As was mentioned yesterday, the Yankees have re-signed Slade Heathcott to a minor league deal with an invite to this year's spring training. The re-signing was largely a maneuver to get Heathcott off of the 40-man roster, and now they can keep him around Double-A and Triple-A largely as depth, or just in case of some catastrophic emergency. The move, though, speaks to a larger question: how did Slade Heathcott, a former top prospect and promising young outfielder, get to this point? Let's take a peek at the timeline.
Heathcott was drafted as the 29th overall pick in the 2009 draft, and the Yankees were betting that his extremely loud tools would carry him all the way to the majors. He only had 11 plate appearances in 2009, so expectations were not changed going into 2010. Baseball Prospectus's Annual said that "He features great raw power and a history of inactivity due to injuries and bad behavior".
Even then, it was no surprise that he would have a lot to overcome. With a known alcohol problem and some problems at home, it wasn't going to be easy. But because he was able to overcome those issues, the Yankees were confident that he possessed the mental fortitude to handle the rigors of minor league life and the developmental process. And that year, he performed adequately. He hit .258/.359/.352 (108 wRC+) at Low-A Charleston with excellent defense. For a raw high school player, it was a good start. But, of course, injury hit again. He underwent surgery on a torn left labrum and the expectations were not crushed, but certainly tempered further.
Even with his labrum surgery, many scouts still believed that his potential was pretty high. Baseball America rated him as the best defensive outfielder in the Yankees' system, and they also rated him as the 18th best prospect in the South Atlantic League. BP's Annual stated that he was still "quite raw", and he didn't have much of an opportunity to prove them wrong in 2011. He only played 53 games that season and hit .271/.342/.419 (110 wRC+) at Low-A Charleston, almost exactly the same as the year prior.
If there was a year that could have been the great turning point for his career, it was 2012. He had slipped from fourth to tenth on the Yankees' top prospects rankings on Baseball America, and BP once again noted that everyone was still waiting for his durability to appear. And that year, he became the top prospect that many of us were so excited about at one point. He still spent much of the season recovering from his labrum surgery, but he surged when he returned at the end of June. In 60 games for High-A Tampa he hit .307/.378/.470 (142 wRC+) with five home runs and 17 stolen bases, and it looked like the Slade Heathcott we were waiting for was appearing.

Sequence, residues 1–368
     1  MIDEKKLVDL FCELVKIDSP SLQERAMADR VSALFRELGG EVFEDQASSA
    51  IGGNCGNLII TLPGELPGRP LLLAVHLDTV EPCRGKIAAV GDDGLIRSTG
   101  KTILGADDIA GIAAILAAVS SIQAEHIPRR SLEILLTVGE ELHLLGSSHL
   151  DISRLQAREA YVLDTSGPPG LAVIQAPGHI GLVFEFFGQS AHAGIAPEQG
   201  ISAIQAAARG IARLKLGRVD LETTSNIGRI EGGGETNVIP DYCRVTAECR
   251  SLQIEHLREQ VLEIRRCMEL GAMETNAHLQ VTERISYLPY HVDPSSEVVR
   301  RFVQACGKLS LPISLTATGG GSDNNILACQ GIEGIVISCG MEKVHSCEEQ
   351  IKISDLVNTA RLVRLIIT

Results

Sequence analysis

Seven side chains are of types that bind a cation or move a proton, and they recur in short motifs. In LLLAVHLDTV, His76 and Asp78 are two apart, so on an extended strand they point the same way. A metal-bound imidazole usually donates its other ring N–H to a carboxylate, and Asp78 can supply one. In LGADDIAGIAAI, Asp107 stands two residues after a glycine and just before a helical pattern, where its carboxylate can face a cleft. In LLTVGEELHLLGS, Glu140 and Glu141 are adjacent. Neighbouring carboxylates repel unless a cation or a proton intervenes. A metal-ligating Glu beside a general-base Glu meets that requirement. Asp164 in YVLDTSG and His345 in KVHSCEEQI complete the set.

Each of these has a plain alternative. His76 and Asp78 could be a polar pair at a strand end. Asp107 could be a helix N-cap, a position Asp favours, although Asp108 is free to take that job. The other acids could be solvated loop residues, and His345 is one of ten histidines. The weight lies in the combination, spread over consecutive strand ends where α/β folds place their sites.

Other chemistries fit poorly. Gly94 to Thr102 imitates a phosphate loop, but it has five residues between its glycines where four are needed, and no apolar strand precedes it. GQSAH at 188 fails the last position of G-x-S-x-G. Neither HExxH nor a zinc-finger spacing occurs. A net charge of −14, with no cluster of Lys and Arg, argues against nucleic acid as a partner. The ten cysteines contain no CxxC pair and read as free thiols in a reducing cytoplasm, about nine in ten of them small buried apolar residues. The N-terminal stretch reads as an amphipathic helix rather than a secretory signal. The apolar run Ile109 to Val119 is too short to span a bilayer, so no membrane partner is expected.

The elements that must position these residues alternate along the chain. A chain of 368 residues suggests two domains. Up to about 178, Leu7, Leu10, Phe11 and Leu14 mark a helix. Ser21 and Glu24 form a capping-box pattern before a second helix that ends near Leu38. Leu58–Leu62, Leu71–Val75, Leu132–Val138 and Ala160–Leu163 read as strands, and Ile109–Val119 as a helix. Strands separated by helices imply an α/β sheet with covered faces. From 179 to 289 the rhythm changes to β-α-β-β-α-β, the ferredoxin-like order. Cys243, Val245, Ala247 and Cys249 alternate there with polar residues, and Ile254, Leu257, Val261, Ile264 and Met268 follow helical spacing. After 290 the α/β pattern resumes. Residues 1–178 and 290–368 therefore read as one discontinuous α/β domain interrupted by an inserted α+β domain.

Expectations were sky-high going into 2013. Baseball America ranked him as the Yankees' second best prospect, the best outfield arm in the system, and the 63rd best prospect in baseball. BP's Annual called his speed and defense "special", and they felt that he was on his way to allowing his "five-tool potential to flourish". Marc Hulet of FanGraphs stated that Heathcott possessed great gap power, plus speed, but also an inconsistent approach at the plate. Nevertheless, the consensus was that his raw profile was finally starting to come to form, and he would really have the chance to solidify himself as a top prospect once he had a full season under his belt after recovering from his surgery.
Well, we know that didn't happen. He played 103 games with Double-A Trenton and hit .261/.327/.411 (104 wRC+), which is pretty disconcerting considering his hitting potential was supposed to be starting to shine through. He struck out about 24% of the time, and he only hit 8 home runs. To boot, he only stole 15 bases. It wasn't a failure of a season, but it also wasn't a step forward. The icing on the cake, though, was an issue he had with the patellar tendon in his knee; the injury would lead to surgery the following season. So much for durability.
Heathcott didn't have a 2014 season. He only played nine games as he was sidelined for almost the entirety of the season due to the small meniscus tear that led to his surgery. He slipped on just about every Yankees' prospect list, and I would imagine he falls off most of them as of now. Many still thought he was one of the most talented players in the minors, but alas, it wasn't meant to be.
The Yankees thought they could develop a truly dynamic star to spice up an outfield starved of young talent, and they just didn't get that. They hoped that he would overcome his own durability issues, and it just didn't happen. Heathcott's all-out approach on the field eventually doomed him as numerous injuries never gave him a chance to develop. And now we find ourselves looking at a once-top prospect as an organizational depth piece, and it's obviously sad. As we all know, prospects will break your heart.